What is Magic: The Gathering?
There seems to be a thriving demand for more and more outlandish, and sometimes violent, video games. Does this mean that traditional games are going by the wayside? This observer doesn’t think so. Board games like Monopoly and Trivial Pursuit are still coming out with newer versions of their classic games. This leads me to believe that some things will never fall out of favor. One of my personal favorite games to play is Magic: The Gathering.
My boyfriend taught me this game several years ago and ever since I’ve been hooked. There are a number of misconceptions about people who play this game but it’s been my experience that Magic: The Gathering players are as diverse as any other group of people who play games, electronic or otherwise. It is estimated that there are around 6 million participants of Magic: The Gathering worldwide, in up to 70 different countries. Since 1994 Magic: The Gathering has held world championships, offering to the winner a cash prize of $45,000. Originally it was open to all competitors, but now is by invitation-only. There are also regular regional tournaments held approximately every three months when new sets of cards are released for sale.
In short, Magic: The Gathering is a collectible (and customizable) trading card game. A more in-depth description would be a game using specially designed sets of playing cards used in strategic game play, where a card’s capabilities affect other cards in play. Every player starts a game with 20 “life points” – a term video game players may be familiar with. Additionally, each player starts a game with 7 cards in hand and typically cannot have more than 7 cards in hand during game play. With each turn, a card is drawn from the “library”, a stack of cards turned face down, and then a card (or multiple cards) can be played from the hand. The purpose of the game is to win by eliminating opponents.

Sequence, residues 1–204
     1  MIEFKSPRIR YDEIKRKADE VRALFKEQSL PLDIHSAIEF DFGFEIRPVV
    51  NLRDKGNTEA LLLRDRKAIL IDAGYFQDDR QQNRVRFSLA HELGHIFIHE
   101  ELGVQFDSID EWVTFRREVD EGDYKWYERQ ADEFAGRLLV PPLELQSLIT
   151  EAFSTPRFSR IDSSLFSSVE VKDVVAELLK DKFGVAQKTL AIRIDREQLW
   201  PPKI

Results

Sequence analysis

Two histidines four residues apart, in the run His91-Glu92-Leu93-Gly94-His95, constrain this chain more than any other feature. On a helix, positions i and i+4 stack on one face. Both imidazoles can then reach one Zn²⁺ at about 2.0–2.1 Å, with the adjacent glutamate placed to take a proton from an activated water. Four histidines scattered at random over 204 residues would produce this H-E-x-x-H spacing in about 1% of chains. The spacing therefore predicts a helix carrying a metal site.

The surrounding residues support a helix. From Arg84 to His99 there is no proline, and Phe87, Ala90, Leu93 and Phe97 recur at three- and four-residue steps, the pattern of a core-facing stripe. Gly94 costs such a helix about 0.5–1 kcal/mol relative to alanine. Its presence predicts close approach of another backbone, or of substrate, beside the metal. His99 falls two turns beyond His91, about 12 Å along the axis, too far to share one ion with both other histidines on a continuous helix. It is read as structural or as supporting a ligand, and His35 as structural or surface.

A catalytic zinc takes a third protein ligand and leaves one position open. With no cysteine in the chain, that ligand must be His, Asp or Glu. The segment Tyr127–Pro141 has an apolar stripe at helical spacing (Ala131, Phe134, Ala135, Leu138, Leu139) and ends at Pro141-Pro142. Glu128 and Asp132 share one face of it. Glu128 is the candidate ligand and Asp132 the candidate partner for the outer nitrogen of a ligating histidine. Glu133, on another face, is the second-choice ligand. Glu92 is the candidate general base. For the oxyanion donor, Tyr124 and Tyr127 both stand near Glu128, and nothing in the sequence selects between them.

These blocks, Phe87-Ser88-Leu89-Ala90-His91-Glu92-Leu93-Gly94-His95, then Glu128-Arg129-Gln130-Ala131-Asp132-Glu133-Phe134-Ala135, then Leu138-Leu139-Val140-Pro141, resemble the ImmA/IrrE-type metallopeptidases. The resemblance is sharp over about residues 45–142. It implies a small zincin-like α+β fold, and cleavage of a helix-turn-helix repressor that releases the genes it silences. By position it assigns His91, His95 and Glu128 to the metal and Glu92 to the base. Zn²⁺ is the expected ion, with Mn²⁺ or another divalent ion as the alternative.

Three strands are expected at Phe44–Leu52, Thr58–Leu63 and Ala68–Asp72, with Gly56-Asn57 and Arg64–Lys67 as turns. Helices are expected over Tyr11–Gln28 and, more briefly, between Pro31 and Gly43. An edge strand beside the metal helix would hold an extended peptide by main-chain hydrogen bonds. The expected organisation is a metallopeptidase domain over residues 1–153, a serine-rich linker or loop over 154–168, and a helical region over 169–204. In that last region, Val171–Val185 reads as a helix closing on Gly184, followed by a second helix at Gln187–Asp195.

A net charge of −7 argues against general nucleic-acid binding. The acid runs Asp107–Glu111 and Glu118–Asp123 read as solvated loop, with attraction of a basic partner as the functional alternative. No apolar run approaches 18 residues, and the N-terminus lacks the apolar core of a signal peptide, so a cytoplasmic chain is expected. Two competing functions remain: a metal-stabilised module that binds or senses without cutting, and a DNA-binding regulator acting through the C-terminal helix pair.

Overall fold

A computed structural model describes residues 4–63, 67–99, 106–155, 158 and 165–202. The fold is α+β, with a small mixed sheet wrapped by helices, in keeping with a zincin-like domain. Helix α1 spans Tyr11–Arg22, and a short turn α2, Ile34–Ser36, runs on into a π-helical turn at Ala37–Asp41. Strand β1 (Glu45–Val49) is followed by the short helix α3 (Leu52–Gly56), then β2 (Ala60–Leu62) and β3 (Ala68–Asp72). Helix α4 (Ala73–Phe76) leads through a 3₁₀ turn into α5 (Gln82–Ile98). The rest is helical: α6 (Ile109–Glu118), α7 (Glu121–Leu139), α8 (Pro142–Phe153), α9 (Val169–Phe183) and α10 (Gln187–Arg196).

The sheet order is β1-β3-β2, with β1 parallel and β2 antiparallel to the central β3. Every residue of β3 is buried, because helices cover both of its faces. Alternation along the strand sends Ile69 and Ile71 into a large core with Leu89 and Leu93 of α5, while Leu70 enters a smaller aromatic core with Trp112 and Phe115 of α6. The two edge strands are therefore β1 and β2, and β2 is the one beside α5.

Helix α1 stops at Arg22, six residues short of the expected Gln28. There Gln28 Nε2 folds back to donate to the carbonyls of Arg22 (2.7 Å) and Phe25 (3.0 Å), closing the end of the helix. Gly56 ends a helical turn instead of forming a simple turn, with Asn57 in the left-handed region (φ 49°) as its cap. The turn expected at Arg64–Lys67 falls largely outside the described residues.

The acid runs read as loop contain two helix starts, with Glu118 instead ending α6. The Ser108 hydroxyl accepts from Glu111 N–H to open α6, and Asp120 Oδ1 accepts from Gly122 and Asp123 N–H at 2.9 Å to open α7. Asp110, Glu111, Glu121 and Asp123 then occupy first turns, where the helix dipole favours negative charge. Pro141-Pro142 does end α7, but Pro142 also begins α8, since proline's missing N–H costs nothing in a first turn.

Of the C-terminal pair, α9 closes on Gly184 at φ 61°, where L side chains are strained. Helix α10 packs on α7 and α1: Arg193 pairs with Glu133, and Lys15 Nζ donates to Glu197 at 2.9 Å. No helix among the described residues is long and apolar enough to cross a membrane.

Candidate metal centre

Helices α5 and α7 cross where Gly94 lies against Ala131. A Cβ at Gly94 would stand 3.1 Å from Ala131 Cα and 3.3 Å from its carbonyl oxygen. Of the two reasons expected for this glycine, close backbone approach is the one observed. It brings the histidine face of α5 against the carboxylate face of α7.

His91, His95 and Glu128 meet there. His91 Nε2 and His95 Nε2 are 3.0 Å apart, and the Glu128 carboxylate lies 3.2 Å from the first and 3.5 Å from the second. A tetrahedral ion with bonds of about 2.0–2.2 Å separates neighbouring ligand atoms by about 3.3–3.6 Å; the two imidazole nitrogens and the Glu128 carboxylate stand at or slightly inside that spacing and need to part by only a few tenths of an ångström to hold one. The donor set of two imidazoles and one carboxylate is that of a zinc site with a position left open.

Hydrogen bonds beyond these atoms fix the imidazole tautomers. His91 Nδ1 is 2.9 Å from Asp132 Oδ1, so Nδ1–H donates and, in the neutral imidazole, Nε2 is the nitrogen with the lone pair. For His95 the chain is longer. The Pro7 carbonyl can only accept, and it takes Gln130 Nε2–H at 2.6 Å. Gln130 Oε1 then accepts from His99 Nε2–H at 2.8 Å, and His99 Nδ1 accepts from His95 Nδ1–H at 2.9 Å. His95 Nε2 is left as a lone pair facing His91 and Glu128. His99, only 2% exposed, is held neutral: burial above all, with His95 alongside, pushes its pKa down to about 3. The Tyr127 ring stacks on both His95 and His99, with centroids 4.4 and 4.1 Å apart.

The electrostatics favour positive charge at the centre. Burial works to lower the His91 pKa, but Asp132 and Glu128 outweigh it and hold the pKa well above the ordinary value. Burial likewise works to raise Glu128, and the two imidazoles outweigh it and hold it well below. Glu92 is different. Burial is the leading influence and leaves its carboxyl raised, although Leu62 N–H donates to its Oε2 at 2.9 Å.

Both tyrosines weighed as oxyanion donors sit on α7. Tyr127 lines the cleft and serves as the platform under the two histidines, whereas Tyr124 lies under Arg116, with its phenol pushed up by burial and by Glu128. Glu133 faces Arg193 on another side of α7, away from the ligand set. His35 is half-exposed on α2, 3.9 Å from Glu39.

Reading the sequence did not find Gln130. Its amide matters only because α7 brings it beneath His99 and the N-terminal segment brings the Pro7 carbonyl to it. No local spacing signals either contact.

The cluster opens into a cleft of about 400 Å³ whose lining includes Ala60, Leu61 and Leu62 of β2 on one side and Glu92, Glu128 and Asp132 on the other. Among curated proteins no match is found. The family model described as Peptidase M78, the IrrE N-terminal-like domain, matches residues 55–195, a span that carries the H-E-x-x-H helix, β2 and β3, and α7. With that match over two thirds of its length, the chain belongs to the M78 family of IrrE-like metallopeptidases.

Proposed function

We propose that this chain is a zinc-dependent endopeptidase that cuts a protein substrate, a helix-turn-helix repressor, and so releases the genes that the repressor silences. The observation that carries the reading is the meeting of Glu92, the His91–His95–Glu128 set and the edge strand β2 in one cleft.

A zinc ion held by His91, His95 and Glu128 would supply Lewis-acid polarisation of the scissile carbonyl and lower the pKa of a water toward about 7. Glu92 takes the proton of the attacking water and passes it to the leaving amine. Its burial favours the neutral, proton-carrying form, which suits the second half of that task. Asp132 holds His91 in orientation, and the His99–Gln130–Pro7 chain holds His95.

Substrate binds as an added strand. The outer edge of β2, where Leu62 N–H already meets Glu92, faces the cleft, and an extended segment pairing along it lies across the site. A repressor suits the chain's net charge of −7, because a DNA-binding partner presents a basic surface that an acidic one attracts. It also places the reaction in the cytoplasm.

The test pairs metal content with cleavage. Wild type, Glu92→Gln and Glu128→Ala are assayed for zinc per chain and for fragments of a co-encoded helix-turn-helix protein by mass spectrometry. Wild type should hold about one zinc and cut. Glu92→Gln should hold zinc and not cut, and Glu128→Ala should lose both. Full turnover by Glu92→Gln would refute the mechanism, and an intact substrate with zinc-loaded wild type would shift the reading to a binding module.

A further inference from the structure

How Did Magic: The Gathering Begin?
Magic: The Gathering was released in 1993 by game publisher Wizards of the Coast, and created by Richard Garfield, PhD, a game designer and professor of mathematics at Whitman College in Washington State. He was a great fan of the game Dungeons and Dragons, which may explain the fantasy elements of Magic: The Gathering. When Magic: The Gathering was first released, it was unknown how much demand there would be and so a limited number of cards were printed. Now, those first few cards that were printed way back when are in such high demand that the cost to purchase the original set of cards has risen into the thousands of dollars. They are, no doubt, collectors items. In the late 90s, the Hasbro toy company bought Wizards of the Coast.
Why Should I Play Magic: The Gathering When I Can Play Video Games?
Video games can be great fun, there’s no doubt. You can get lost in the lifelike graphics and amazing stories. However, even though there are a number of multi-player games to be played on-line, video games can be very isolating. Many of them even require a Player’s Guide to help you along the difficult levels. Not to mention that the use of a player’s imagination is limited to what the game designers want you to see and do. When you play Magic: The Gathering, first and foremost you need other people to play with (at least one opponent). Yes, there are on-line versions of this game as well but they are very limiting. Putting together a deck of cards (that work with each other, mind you) takes thought and creativity. It’s as unpredictable as Poker, but has the spirit of a fantasy world, full of dragons, trolls, and other assorted characters. People who play this game don’t play to be left alone. They get together with friends, family and sometimes even strangers at their local gaming shop to have some creative and imaginative fun. Magic: The Gathering can help turn strangers into friends.
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